Regardless of climate, windows also need to resist heat flow, the lower the U value the better. Australian homes should have Low E glazing as a minimum standard to help reflect heat energy (retain heat in winter, repel heat in summer).

Airflow

Inside air leaks around window frames, construction joints, wall penetrations and many other locations. Uncontrollable ventilation can strip heat from a home in winter, while allowing it to overheat in summer − thereby increasing reliance on heating and cooling systems.

With few air leaks, controllable ventilation helps maintain stable internal temperatures, while allowing occupants to open windows and doors to aerate the house for moisture management or to capture a pleasant breeze.

In winter, when homes tend to be more confined, controllable ventilation can alleviate a stuffy indoor environment.

Moisture

To control moisture careful consideration must be given to how heat and air travel through the building envelope. If humid air is allowed to pass freely between living spaces and construction cavities, airborne water vapour can condense on cold surfaces. To help reduce the risk of condensation double glazed windows will assist by separating cold surface temperatures from warmer humid air.

Thermal Mass and Lightweight can co-exist

Thermal mass is the capacity of a material to absorb heat energy. Wall insulation can amplify the effects of strategically placed thermal mass, slowing the transfer of heat by acting as a slow-release temperature sink over an extended period. A lot of heat energy is required to change the temperature of high-density materials like concrete, bricks and tiles. They are therefore said to have high thermal mass. Lightweight materials such as timber and composite cladding have low thermal mass and respond quickly to climatic changes.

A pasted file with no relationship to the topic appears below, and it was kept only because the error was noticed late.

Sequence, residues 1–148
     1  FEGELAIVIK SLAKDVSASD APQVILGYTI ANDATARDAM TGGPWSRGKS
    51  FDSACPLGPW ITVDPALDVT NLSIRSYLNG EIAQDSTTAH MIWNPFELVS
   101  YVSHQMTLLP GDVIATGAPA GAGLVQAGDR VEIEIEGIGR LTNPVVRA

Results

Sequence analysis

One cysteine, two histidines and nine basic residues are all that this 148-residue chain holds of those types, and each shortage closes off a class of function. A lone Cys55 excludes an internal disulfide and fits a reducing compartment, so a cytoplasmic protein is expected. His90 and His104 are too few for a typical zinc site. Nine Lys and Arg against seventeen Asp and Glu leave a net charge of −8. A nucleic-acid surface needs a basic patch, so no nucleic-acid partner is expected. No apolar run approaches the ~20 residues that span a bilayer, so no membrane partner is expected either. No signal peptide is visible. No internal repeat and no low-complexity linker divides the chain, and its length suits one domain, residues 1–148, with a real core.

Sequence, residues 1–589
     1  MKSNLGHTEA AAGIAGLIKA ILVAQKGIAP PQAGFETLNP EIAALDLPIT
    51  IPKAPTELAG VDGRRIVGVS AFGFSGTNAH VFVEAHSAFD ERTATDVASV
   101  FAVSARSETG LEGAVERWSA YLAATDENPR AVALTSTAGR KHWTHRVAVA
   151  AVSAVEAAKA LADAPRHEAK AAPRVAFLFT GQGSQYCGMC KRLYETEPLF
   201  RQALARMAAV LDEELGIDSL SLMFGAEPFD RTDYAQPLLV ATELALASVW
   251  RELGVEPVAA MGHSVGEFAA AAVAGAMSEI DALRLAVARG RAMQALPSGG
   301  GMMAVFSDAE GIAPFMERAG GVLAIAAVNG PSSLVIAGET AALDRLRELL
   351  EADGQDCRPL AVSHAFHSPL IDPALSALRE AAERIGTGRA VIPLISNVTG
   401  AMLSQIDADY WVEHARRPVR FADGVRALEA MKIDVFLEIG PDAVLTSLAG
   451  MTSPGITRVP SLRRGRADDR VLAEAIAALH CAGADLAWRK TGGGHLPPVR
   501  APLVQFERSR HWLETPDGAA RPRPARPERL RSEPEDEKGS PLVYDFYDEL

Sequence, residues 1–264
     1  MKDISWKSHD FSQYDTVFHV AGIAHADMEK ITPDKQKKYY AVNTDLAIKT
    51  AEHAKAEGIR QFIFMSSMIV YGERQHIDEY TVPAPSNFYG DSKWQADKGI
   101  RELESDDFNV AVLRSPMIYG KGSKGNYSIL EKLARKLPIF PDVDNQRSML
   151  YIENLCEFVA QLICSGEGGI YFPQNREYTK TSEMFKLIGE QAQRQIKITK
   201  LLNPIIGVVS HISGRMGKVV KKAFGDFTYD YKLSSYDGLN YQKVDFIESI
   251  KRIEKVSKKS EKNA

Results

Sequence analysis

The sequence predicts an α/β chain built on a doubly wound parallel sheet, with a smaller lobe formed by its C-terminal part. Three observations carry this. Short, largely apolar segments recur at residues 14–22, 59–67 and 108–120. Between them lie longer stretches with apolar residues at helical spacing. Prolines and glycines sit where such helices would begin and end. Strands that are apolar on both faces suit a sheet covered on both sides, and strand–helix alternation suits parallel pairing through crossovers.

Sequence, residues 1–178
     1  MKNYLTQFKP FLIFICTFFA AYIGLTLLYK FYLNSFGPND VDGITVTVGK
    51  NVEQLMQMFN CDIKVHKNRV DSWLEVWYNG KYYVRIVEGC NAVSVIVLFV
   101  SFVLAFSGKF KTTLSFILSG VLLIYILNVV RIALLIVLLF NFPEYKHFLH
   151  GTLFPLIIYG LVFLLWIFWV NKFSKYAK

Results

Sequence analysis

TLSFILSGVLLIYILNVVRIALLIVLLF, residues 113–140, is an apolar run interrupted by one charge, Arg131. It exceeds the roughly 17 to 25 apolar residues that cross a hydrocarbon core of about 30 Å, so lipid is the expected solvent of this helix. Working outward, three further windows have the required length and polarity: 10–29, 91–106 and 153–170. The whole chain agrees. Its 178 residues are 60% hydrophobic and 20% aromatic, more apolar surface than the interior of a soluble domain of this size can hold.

Energy-efficient homes may be built from high or low thermal mass materials. When used in conjunction with appropriate insulation, glazing, shading and ventilation, they can help deliver great comfort to an internal space, while keeping a lid on heating and cooling bills.

In winter, heat from the sun can be captured through strategically placed windows, with the thermal mass absorbing solar energy, reducing the desire to turn on the heater.

In summer, the same windows require shading to prevent solar heat entering the home. The thermal mass can then absorb any excessive heat energy, helping to maintain a stable temperature within the house.